On average, pet owners with insurance still pay around 20%of their pets’ medical expenses, according to a report by The New York Times. Routine wellness checkups usually aren’t covered, so you’ll still pay for those out of pocket. Certain hereditary/genetic conditions may also not be covered; be sure to check each policy’s specifics carefully.

4. The Coverage has Limitations

Many plans also limit the amount you can claim, either annually or over your pet’s lifetime. If your pet is unfortunate enough to suffer a major medical problem, you could max out your plan’s limit quickly and find yourself paying the difference. It’s then that pet insurance costs seemed worth it.

If your pet only needs routine vet care, you won’t save much. If they insure their pets, owners spend an average of $324 out of pocket on a dog and $264 out of pocket on a cat, according to the zoology and veterinary sciences journal, Animals, compared to $251 for an uninsured dog and $146 for an uninsured cat.

This is largely because, unsurprisingly, owners with pet insurance take their animals to the vet more often than those who don’t have insurance.

And Then There’s the Premiums

And these numbers don’t include the annual price of pet insurance premiums. With an average cost of $42.45 a month for dogs and 20.99 a month for cats, insuring your pet could mean your total costs hit $833 for a dog or $515.88 for a cat. If your pet is fortunate enough to avoid any big issues, the cost of pet health insurance could outweigh the savings.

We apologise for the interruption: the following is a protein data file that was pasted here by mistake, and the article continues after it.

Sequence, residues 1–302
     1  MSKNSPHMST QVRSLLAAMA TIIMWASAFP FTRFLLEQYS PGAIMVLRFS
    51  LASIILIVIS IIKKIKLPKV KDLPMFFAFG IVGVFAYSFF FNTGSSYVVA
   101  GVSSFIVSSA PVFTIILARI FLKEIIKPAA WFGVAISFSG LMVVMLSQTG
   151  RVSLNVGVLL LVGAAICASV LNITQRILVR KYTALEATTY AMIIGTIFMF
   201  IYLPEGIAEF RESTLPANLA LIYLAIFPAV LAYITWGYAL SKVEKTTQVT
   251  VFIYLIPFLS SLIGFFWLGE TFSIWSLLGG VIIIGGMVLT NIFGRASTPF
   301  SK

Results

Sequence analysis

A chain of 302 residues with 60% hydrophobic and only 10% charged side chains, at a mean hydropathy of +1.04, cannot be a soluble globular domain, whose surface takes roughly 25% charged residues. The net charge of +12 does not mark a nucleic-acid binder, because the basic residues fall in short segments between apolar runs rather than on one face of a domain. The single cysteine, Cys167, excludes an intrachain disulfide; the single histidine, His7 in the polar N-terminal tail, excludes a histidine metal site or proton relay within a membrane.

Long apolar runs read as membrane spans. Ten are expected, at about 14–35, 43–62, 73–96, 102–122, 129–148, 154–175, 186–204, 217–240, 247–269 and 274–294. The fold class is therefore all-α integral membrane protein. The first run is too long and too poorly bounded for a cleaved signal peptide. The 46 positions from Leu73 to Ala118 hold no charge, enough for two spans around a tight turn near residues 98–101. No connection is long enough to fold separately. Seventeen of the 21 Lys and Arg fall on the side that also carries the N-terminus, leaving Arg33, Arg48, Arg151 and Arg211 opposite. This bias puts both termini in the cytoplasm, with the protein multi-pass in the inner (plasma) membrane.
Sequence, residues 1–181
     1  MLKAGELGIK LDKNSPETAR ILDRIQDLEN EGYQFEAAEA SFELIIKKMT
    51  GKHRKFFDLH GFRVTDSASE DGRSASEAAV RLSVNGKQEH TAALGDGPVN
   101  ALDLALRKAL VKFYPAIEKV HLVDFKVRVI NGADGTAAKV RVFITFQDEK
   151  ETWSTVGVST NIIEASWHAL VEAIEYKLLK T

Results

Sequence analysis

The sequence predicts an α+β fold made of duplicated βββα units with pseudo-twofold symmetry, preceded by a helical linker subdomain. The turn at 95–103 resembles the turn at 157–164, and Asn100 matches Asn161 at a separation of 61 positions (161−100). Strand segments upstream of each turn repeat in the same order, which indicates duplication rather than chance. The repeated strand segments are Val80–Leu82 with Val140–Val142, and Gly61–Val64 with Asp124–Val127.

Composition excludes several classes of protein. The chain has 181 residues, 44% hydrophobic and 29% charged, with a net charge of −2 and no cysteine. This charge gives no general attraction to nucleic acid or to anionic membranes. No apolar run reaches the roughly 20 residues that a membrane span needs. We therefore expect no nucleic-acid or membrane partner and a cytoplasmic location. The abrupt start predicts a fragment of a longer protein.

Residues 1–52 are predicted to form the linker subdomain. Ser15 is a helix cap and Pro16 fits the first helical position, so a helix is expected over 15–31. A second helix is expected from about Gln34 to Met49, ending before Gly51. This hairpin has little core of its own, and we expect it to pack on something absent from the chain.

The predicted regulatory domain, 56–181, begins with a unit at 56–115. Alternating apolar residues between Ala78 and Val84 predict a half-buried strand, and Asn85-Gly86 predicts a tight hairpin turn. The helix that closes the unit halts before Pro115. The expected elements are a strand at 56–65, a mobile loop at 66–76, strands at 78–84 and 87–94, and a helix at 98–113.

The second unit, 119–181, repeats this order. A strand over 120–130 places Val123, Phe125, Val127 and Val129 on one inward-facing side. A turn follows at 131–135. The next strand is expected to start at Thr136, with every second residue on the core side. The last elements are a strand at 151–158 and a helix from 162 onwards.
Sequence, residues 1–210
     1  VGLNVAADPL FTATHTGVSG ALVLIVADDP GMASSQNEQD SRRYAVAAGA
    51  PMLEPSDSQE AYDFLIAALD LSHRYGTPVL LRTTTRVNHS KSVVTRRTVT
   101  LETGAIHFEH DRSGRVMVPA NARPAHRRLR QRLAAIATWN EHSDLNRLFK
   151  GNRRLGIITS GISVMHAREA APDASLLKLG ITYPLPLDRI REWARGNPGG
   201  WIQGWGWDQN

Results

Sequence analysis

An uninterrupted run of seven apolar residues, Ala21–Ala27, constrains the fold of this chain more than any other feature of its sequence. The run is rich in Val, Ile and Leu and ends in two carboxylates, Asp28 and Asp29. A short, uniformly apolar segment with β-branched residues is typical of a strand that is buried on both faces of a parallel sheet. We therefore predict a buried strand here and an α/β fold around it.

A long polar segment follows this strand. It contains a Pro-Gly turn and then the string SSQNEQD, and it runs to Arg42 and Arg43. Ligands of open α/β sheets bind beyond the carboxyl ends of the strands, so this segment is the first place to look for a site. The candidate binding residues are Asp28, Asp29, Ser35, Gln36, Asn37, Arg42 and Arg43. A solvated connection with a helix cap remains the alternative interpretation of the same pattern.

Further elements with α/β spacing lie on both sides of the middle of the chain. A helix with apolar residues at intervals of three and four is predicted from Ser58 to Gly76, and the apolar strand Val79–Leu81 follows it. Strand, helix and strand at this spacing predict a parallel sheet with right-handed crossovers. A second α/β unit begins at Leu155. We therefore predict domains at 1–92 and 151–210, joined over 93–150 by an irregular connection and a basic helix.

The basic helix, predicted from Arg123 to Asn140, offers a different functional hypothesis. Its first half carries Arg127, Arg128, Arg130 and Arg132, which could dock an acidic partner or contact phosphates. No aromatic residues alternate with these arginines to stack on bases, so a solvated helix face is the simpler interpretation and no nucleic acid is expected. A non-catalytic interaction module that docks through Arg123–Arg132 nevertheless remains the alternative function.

A dog is held down by two vet techs while receiving cancer treatment.
Veterinary technicians comfort a dog as it receives cancer treatment at BluePearl Veterinary Partners in Tampa, Fla. Tina Russell / The Penny Hoarder

Should You Get Pet Insurance?

Like property insurance (car, home, etc.), you won’t necessarily “save” or “make” money in an average scenario, but in the event of a catastrophe, you may find it’s worth the investment.